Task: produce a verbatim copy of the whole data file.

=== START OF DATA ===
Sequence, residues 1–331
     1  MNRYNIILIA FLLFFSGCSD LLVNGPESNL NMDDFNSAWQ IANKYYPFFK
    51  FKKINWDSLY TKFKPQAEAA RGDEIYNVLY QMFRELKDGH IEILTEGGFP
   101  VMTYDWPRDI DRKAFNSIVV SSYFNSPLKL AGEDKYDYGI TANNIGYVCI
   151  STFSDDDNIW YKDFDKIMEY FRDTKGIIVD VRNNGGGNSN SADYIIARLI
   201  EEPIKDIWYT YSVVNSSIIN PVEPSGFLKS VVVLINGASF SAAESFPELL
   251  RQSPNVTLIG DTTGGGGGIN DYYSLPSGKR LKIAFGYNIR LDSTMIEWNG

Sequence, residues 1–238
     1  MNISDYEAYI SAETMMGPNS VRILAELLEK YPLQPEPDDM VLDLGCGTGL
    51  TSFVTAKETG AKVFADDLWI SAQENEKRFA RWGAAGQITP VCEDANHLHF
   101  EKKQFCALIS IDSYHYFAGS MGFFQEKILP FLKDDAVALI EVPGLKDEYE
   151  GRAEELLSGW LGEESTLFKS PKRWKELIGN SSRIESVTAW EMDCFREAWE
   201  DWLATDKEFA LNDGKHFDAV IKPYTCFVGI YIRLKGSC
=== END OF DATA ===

Sequence, residues 1–331
     1  MNRYNIILIA FLLFFSGCSD LLVNGPESNL NMDDFNSAWQ IANKYYPFFK
    51  FKKINWDSLY TKFKPQAEAA RGDEIYNVLY QMFRELKDGH IEILTEGGFP
   101  VMTYDWPRDI DRKAFNSIVV SSYFNSPLKL AGEDKYDYGI TANNIGYVCI
   151  STFSDDDNIW YKDFDKIMEY FRDTKGIIVD VRNNGGGNSN SADYIIARLI
   201  EEPIKDIWYT YSVVNSSIIN PVEPSGFLKS VVVLINGASF SAAESFPELL
   251  RQSPNVTLIG DTTGGGGGIN DYYSLPSGKR LKIAFGYNIR LDSTMIEWNG

Sequence, residues 1–238
     1  MNISDYEAYI SAETMMGPNS VRILAELLEK YPLQPEPDDM VLDLGCGTGL
    51  TSFVTAKETG AKVFADDLWI SAQENEKRFA RWGAAGQITP VCEDANHLHF
   101  EKKQFCALIS IDSYHYFAGS MGFFQEKILP FLKDDAVALI EVPGLKDEYE
   151  GRAEELLSGW LGEESTLFKS PKRWKELIGN SSRIESVTAW EMDCFREAWE
   201  DWLATDKEFA LNDGKHFDAV IKPYTCFVGI YIRLKGSC